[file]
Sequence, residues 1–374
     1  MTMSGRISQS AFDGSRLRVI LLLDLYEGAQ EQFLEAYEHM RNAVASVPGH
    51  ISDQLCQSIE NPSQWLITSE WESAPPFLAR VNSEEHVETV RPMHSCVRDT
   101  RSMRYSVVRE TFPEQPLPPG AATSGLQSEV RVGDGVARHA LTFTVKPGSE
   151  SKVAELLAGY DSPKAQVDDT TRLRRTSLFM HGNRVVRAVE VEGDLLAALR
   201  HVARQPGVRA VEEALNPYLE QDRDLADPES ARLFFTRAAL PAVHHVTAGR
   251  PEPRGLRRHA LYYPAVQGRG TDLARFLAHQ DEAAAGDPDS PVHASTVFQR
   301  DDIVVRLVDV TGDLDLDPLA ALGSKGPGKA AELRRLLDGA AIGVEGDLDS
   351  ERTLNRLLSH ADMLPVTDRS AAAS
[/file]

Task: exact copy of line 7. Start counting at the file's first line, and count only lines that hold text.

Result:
   251  PEPRGLRRHA LYYPAVQGRG TDLARFLAHQ DEAAAGDPDS PVHASTVFQR